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Last updated: Mon. Nov. 26, 2012 - 02:17 am EDT


Colts' special season seems to defy logic

Coach Chuck Pagano attends game, gets ovation from crowd

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INDIANAPOLIS – As hesitant as I am to attribute the Indianapolis Colts' playoff-contending season to the supernatural, it's hard to find a more plausible explanation for T.Y. Hilton's day on Sunday.

Hilton got his block knocked off like one of those old Rock'em Sock'em Robots. He lay motionless. He held his head. The Colts announced he was questionable to return.

And then he came back in.

“I was really surprised,” Colts quarterback Andrew Luck said, speaking for everyone.

Hilton, who had earlier returned a punt 75 yards for score, came back and caught the game-sealing touchdown pass in the Colts' 20-13 win over the Buffalo Bills on Sunday at Lucas Oil Stadium.

Explain that one. It sure feels like it has something to do with divine intervention or at least destiny as the team fights to build a memorable season for coach Chuck Pagano. Pagano, who's fighting leukemia and winning as his cancer is in remission, attended the game and was shown with owner Jim Irsay on the big screen, tapping his heart and thanking the fans. The fans' ovation was heartfelt in return.

“Whether or not it's divine intervention, I don't think so,” Colts interim coach Bruce Arians said. “I would hate to think that he wore our colors and not their colors.”

Fair enough. We'll call Hilton's return from a head shot, and the Colts' continued relevance in Pagano's absence, a heart-warming coincidence then.

The Colts are 7-4 and in the lead for the AFC's top wild-card playoff spot. They bounced back from a bad loss at New England with a sputtering but ultimately satisfying win at home.

They won on a day when Luck was not All-Pro caliber, although his final scoring drive was pretty darn close. Now they enter their final five games, starting at Detroit next Sunday, with everything in their control.

The Colts are a game up in the AFC wild-card race on the Pittsburgh Steelers and Cincinnati Bengals. Reggie Wayne, who might be the team's Most Valuable Player for helping Luck and mentoring Hilton, says he's not looking at the standings nor are they pondering their remaining schedule and those of their main wild-card competition.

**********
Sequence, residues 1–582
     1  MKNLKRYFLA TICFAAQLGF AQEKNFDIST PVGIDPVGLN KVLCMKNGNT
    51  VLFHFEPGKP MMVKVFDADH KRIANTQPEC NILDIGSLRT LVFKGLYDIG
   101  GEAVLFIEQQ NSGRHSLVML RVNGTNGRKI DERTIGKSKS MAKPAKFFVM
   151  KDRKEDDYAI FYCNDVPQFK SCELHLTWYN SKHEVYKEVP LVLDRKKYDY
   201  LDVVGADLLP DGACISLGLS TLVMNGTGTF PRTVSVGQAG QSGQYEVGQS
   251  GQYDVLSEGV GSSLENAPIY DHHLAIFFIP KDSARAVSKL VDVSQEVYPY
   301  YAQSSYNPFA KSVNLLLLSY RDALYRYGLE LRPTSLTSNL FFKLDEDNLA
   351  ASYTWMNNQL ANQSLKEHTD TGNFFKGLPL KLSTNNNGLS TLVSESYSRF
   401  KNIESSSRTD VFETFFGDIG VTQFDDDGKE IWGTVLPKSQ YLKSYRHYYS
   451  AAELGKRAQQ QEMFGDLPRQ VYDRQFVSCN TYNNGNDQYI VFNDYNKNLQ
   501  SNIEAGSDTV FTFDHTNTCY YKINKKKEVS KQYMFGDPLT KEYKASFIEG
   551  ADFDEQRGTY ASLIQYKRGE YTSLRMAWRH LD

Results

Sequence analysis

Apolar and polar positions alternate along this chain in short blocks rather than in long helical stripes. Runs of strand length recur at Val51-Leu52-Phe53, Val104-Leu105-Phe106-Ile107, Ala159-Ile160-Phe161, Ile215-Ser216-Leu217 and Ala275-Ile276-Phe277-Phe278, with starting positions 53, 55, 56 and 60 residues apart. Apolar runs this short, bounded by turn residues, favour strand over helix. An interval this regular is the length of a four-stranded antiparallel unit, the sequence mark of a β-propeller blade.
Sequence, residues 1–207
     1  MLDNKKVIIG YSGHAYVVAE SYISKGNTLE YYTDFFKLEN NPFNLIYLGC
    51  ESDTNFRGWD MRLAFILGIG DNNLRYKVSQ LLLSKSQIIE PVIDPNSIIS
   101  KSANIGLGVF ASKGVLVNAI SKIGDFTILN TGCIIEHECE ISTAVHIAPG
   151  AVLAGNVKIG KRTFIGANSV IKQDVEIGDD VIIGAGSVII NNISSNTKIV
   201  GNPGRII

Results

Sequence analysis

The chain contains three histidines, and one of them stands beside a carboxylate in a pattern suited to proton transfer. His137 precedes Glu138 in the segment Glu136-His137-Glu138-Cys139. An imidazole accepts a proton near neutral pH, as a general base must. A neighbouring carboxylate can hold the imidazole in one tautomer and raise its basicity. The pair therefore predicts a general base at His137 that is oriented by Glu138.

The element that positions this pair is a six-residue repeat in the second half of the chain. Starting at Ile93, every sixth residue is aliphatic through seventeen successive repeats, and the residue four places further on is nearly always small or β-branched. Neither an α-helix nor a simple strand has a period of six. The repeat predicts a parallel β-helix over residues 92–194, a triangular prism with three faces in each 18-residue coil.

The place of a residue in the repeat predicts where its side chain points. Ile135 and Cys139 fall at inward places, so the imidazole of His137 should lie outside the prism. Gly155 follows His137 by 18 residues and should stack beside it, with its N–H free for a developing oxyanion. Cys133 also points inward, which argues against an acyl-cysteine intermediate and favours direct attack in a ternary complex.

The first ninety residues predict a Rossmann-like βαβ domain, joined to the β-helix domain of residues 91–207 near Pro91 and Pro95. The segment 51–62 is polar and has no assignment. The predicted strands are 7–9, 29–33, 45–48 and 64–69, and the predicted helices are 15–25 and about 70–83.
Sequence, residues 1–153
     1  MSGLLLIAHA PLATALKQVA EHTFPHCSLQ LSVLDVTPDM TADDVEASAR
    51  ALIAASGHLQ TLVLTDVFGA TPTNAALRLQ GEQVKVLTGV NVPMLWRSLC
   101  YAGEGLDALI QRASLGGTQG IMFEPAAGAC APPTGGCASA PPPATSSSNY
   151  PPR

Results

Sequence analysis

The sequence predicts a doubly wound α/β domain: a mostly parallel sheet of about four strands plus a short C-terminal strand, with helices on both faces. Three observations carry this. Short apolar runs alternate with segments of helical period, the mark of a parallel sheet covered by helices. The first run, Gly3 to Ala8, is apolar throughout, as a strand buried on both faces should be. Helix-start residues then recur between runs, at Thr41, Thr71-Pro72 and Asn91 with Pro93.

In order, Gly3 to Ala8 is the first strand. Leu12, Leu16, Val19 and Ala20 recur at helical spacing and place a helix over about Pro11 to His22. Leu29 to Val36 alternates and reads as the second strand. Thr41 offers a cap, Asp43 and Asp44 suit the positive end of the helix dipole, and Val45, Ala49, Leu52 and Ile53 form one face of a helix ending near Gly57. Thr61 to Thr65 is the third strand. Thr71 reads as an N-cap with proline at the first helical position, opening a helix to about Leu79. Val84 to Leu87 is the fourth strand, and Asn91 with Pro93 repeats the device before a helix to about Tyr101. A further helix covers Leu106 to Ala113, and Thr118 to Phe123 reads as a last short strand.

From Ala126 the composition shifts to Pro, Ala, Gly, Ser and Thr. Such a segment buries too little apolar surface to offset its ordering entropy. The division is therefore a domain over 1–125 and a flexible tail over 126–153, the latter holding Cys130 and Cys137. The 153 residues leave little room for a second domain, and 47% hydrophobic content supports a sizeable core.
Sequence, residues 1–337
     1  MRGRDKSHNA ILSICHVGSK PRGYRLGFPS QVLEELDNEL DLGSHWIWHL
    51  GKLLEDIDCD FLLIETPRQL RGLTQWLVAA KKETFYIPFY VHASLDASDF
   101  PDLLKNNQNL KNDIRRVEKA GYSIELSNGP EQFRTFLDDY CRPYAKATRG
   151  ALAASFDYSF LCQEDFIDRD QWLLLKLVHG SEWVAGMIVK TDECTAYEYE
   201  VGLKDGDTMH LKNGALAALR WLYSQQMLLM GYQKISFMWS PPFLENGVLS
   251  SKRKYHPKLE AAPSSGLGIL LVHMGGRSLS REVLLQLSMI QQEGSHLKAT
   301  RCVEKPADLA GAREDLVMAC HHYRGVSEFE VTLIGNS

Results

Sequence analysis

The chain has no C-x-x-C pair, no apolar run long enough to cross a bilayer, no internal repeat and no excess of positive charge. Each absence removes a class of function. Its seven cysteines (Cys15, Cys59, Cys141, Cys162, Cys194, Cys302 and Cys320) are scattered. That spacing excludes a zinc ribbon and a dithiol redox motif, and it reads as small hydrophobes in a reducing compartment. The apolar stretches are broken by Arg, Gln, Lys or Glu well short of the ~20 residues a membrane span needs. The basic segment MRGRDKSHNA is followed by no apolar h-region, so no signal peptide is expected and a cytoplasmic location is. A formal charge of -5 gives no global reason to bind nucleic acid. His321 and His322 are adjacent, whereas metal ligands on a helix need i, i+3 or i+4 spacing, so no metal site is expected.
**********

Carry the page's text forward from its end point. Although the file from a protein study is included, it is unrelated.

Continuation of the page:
“We don't pay any attention to none of that,” Wayne said. “If we keep winning, we know where we'll be.”

Of their remaining five games, two should be wins (at home vs. the Titans and at Kansas City, although the Chiefs gave the Broncos fits Sunday). It'll be tougher to win at Detroit and either on the road or at home against the AFC South-leading Houston Texans.

They'll clearly need some moments like the 15-play, 87-yard, eight-minute epic drive that put the Colts up 20-6 with the margin they needed to control the game Sunday.

Luck started the game playing like a quarterback still shell-shocked by the Patriots. He completed only three of his first nine passes and threw an interception. Even late in the first half, on a nice half-minute field goal drive, his pass to Wayne was a yard short of the end zone.

In the third quarter, however, he found his touch.

Luck completed third-down passes to Wayne (15 yards), Donnie Avery (10 yards), Wayne again (25 yards) and finally Hilton (eight yards for the touchdown). The second third-down completion to Wayne came on 3rd-and-17 and Luck stood under pressure, double-pumped and delivered.

The best sight of the day for Colts fans was Pagano on the big screen. Second-best: Hilton with the ball in the back of the end zone.

“We need more of those drives,” Luck said. “When we needed it most, we got that drive and ended it with a four-minute drive or whatever you want to call it. We need more of those types of drives.”

Luck finished with 20 of 37 passes for 240 yards and joined Peyton Manning as the only players in Colts history to throw for more than 3,000 yards in their rookie season. Wayne broke Cris Carter's obscure record with his 59th straight game of three or more receptions.

It's clear these Colts are not destined to blow teams out. Even when it looks like they're ready to ice a game, as they were on safety Tom Zbikowski's late interception, an obstacle arises. Zbikowski attempted to stiff arm Bills receiver Stevie Johnson, but Johnson stripped the ball and recovered the fumble.

So the Colts needed defensive plays by linebacker Jerrell Freeman (16 tackles, one sack) and cornerback Cassius Vaughn to stop the Bills again. Luck and the offense then ran out the clock.

We'll assume Pagano, who goes in for his third-and-final chemotherapy treatment this week, was smiling.

“We have a group of young men and older men who have a cause,” Arians said. “When you play for a cause, you play together. It's all 53 guys for one common cause and that's to extend this season for Chuck.”

I'm not sure how they're doing it sometimes. It's not supernatural. After all, it's just football. But it sure is looking like something super.

This column is the commentary of the writer and does not necessarily reflect the views or opinions of The News-Sentinel. Email Reggie Hayes at

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